Boxing Day (2007)
Chris (Richard Green), a convict serving out the remainder of his sentence in home detention, is determined to stay both on the wagon and out of trouble. He’s carefully preparing a Boxing Day lunch for his estranged family when an unwelcome visitor drops in. Owen (Stuart Clark), an old criminal associate, tries to tempt Chris into having a drink and then leans on him to look after a packet of the illegal drug ice.
When the family arrives – Chris’s ex-wife Donna (Tammy Anderson), her boyfriend Dave (Syd Brisbane) and Chris’s daughter Brooke (Misty Sparrow) – Owen makes an accusation that hits everyone like a rock tossed into a still pool. Events rapidly spin out of control but the film ends on a moment of hope and reconciliation.
Boxing Day is significant both aesthetically – it was filmed in long takes, seamlessly edited together to give the appearance of being shot in an epic single take – and in terms of its production history, since it is the first feature to be almost entirely funded by an Australian film festival.
Its initial budget of $150,000 came from the Adelaide Film Festival’s Investment Fund, set up to support the making of local films that would premiere at the biennial festival. Post-production services worth $24,000 were provided by Rising Sun Pictures.
The film’s director and co-writer, Kriv Stenders, had previously made a self-funded, micro-budget feature called Blacktown (2005), a personal project undertaken while trying to raise funding for the $3.8 million black comedy, The Illustrated Family Doctor (2005). Blacktown won critical acclaim at the 2005 Melbourne and Sydney film festivals, winning Sydney’s Audience Award for best feature in the sidebar program. The film caught the attention of Adelaide film festival director Katrina Sedgwick, who commissioned Stenders to make Boxing Day to premiere at the 2007 event.
Boxing Day screened at the leading Asian film festival, Pusan (in South Korea), and at the Montreal Festival du Nouveau Cinema, where Richard Green won the best actor prize and the film received a special jury mention. It also won an Australian Directors Guild-Directors Guild of America Finders Screening Award, which meant it was specially screened for US distributors.
Like Blacktown (2005), Boxing Day was not conventionally scripted. Stenders developed the characters and story in collaboration with his mostly non-professional cast, who loosely based their characters on their own personal histories (the exception being Syd Brisbane, the sole professional actor). Stenders then wrote what he calls a 'scriptment’ – halfway between a script and a script treatment – that outlined the narrative. The cast were required to improvise the majority of the dialogue.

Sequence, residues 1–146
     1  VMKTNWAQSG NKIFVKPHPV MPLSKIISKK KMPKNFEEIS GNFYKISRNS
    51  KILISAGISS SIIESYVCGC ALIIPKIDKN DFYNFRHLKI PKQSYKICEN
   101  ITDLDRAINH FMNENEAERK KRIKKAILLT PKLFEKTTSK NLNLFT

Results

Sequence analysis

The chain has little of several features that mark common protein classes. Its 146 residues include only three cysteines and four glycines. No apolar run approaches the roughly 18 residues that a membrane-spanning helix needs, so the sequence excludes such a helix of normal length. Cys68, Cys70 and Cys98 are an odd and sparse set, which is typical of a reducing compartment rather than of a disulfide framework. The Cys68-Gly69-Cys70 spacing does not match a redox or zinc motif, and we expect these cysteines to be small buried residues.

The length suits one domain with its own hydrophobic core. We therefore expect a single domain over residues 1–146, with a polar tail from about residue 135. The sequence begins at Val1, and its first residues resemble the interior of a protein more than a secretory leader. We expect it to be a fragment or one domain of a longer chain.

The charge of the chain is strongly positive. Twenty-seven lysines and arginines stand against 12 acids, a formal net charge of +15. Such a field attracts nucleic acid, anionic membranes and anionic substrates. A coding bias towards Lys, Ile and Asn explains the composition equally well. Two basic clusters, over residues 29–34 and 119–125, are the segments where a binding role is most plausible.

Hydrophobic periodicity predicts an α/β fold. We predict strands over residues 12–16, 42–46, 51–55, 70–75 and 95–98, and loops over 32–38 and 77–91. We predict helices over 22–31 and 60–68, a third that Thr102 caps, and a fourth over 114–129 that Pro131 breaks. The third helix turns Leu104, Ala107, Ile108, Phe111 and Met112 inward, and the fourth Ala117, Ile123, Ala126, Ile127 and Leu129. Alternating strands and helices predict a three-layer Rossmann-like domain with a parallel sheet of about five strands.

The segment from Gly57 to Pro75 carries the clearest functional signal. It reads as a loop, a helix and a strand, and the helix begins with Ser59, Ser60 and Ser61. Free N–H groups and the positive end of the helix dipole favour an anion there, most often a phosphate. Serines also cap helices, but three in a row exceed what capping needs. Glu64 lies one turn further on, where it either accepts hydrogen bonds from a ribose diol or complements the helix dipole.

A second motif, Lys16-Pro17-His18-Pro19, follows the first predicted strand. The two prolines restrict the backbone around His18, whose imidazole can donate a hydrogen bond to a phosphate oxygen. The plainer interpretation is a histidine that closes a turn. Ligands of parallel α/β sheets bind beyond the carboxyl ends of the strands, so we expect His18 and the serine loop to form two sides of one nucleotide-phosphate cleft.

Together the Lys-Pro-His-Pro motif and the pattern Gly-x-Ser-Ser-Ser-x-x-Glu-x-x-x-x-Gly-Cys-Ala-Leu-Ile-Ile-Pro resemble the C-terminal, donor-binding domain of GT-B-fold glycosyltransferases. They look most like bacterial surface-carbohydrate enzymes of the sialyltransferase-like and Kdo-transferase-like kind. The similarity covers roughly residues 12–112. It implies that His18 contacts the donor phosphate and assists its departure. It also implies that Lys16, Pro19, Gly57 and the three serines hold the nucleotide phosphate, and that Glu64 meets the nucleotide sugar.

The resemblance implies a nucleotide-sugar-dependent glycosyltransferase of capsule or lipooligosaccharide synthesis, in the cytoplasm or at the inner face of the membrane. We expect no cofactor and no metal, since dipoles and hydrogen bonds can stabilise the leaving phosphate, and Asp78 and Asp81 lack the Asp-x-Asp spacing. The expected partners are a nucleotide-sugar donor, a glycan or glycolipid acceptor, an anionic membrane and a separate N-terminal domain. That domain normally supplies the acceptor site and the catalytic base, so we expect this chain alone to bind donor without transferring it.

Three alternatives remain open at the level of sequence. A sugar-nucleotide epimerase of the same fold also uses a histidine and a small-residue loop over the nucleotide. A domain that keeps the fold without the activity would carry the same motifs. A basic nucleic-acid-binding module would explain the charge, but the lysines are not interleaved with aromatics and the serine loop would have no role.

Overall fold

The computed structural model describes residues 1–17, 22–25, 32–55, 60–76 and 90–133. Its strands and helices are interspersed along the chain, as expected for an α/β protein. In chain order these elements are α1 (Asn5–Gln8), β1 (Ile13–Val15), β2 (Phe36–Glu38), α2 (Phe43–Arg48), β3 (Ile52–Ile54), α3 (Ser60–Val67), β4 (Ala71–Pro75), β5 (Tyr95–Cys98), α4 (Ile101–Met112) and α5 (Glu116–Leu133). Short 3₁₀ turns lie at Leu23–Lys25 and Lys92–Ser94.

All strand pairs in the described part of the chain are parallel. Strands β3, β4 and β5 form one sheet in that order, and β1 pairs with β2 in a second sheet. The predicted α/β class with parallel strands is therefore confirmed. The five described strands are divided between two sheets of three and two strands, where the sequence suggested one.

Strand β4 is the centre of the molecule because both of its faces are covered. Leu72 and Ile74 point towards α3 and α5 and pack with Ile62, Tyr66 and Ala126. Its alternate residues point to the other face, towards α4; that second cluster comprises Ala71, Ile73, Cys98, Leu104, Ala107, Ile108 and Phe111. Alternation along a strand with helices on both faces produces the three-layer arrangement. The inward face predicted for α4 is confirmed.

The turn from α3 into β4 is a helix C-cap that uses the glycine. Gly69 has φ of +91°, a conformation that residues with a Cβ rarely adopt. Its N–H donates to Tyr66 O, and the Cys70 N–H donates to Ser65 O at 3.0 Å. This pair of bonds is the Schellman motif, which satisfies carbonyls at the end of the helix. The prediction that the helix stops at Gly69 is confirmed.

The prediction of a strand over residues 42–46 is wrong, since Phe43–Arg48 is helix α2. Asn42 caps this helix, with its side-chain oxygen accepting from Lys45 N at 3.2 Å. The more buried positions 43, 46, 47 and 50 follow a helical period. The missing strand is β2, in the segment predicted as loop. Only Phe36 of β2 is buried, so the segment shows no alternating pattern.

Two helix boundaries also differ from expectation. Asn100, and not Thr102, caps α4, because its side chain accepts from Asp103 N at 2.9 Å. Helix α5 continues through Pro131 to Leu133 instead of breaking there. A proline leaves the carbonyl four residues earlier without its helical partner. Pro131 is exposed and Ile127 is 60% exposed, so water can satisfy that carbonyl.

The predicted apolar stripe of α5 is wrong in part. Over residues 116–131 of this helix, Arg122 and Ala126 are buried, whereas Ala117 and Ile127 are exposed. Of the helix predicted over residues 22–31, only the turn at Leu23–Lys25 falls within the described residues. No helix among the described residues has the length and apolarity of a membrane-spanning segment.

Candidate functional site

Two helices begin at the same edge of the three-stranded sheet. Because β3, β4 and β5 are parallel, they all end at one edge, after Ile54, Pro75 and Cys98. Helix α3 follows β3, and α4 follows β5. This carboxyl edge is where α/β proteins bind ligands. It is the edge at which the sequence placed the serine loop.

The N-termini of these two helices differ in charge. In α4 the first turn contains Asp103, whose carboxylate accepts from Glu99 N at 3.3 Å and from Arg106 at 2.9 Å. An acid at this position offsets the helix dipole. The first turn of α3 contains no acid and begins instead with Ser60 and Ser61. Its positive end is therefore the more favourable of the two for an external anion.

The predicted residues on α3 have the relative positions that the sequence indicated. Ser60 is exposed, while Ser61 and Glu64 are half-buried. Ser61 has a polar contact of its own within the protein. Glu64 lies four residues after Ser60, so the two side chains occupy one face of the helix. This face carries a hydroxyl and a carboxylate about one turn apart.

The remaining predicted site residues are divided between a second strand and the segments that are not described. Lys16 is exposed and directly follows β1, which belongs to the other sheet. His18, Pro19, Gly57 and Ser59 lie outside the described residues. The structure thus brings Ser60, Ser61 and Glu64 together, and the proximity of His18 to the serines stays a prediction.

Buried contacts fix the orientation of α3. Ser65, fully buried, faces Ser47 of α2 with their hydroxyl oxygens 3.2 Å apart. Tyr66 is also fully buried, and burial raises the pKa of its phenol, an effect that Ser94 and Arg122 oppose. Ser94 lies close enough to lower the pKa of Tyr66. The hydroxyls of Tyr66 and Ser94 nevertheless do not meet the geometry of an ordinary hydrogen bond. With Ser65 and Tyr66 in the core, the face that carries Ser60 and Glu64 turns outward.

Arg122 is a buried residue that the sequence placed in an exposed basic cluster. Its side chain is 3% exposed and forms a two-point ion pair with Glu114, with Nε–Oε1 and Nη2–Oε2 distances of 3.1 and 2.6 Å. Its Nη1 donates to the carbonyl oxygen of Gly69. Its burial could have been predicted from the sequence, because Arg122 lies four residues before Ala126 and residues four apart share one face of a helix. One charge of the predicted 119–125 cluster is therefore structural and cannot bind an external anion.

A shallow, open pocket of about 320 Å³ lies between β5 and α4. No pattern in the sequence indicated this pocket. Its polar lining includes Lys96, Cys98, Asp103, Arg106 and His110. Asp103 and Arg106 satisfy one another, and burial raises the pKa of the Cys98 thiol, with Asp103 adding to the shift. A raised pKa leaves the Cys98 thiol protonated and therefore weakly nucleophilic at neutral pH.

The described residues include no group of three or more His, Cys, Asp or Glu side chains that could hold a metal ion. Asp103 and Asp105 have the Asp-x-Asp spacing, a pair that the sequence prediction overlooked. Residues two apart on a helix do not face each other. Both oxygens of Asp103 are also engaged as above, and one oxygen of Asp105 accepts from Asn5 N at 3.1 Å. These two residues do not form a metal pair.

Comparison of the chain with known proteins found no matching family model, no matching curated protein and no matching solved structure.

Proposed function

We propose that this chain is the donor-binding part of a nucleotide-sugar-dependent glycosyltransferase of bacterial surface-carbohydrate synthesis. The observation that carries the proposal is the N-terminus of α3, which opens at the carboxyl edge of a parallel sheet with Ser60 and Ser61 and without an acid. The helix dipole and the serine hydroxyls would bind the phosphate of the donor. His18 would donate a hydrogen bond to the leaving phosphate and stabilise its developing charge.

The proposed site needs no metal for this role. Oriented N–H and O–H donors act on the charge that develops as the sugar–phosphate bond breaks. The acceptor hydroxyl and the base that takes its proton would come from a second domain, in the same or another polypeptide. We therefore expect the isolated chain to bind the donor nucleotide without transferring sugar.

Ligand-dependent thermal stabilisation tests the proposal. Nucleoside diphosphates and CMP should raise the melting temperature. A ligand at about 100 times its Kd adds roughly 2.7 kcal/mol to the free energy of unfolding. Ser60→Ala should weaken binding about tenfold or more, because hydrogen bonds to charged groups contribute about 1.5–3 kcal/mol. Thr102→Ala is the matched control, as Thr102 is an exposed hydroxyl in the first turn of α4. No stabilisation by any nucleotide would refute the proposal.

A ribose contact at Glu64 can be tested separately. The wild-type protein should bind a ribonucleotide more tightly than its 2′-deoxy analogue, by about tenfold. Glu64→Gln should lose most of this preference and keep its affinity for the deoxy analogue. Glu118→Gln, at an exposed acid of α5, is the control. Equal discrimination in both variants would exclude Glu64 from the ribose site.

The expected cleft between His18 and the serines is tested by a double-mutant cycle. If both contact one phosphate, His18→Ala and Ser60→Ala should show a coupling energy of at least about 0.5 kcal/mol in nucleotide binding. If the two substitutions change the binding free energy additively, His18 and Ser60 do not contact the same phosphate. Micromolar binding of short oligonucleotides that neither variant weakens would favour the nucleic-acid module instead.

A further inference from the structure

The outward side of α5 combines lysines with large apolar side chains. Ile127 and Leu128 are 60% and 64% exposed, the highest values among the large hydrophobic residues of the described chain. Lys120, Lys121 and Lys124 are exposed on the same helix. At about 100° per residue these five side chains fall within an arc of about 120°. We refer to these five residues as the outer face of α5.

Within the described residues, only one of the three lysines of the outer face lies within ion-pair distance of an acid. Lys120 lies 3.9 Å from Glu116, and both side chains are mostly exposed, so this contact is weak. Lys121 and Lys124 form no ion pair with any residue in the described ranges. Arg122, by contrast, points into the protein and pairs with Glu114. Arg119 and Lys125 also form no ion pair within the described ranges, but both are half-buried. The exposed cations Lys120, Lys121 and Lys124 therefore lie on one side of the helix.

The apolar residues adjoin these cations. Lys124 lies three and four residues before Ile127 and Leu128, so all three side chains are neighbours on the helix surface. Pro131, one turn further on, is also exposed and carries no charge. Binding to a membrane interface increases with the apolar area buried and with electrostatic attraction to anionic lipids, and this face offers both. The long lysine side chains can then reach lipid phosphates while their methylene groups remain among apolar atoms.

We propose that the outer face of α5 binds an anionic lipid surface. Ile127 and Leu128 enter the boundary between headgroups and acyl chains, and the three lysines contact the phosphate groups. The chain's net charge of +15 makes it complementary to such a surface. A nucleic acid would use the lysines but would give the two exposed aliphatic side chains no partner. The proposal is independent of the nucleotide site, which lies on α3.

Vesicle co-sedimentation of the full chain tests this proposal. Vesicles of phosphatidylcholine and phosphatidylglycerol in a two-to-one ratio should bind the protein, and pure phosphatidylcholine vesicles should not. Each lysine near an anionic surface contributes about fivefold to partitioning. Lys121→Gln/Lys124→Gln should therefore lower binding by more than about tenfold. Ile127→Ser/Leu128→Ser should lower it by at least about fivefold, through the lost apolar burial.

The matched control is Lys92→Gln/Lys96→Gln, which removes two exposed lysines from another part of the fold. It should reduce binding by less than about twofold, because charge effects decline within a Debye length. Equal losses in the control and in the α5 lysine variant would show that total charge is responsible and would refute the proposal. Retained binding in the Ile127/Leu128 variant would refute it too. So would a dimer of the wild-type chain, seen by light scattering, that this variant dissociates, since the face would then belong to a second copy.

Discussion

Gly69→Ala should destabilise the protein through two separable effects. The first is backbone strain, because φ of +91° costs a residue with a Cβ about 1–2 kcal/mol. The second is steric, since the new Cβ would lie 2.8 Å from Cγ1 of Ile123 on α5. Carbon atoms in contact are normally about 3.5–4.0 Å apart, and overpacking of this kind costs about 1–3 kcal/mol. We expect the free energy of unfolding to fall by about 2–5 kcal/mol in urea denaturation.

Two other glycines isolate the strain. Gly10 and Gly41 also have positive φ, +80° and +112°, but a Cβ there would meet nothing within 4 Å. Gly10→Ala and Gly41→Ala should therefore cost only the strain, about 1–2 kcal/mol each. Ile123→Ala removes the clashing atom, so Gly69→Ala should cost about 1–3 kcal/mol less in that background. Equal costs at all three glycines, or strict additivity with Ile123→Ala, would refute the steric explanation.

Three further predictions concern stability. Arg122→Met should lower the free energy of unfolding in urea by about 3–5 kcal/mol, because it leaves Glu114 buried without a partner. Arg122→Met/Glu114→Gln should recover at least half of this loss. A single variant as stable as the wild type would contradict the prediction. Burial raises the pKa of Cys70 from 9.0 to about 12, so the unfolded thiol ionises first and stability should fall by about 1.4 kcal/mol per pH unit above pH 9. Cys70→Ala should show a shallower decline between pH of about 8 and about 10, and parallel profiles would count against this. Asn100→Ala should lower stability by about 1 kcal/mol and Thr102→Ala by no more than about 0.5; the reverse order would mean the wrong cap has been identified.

Stenders’s techniques are, of course, as deliberate and stylised as those used for more conventional or obviously artificial films. The point however is not that Boxing Day is real – as an artistic artefact it is by definition abstracted from reality – but that its production methods bring it subjectively closer to the shifting, complex realities of everyday human interaction.
The method of production, added to Stenders’s tendency to keep piling pressure onto his characters and push dramatic confrontation to the forefront, helps to create an unusually intense sense of foreboding, danger and unpredictability. Viewers may feel on a gut level that nothing is preordained and that anything can happen at any moment. Reviewer Philippa Hawker, writing for The Age newspaper, captured both its challenges and appeal when she described the film as 'harrowing’ while also praising it as 'rewarding … a raw, vivid, risky movie that juggles intensity and excess, yet shows moments of restraint and grace’. These latter moments, such as a warm and intimate outdoors scene between Chris and his daughter, give the viewer vital breathing space between the explosive scenes and help to create a more richly variegated emotional palette than the synopsis might suggest.
Richard Green drew on his experience as a former convict to build a vivid and sympathetic portrait of Chris as a man whose determination to escape his dark past is severely put to the test. The fact that Chris is Aboriginal only emerges when his dark-skinned daughter, Brooke, arrives. Nothing is made of this until a scene where father and daughter speak in private and Chris briefly addresses her in an Aboriginal language. Unlike films like Rabbit-Proof Fence (2002) or The Fringe Dwellers (1986), Boxing Day does not treat the place of Aboriginal people in Australian society as a major theme – though, as subtext, Chris’s Aboriginality and his background reflect the relatively high proportion of Aborigines in Australian jails. His relationship with his daughter also demonstrates the importance of extended family amongst Indigenous Australians.
Although the film has not been widely seen in cinemas – it had a brief season on a single Melbourne screen in November 2007 but failed to attract national release – Boxing Day remains one of the most compelling Australian features of the mid-to-late 2000s.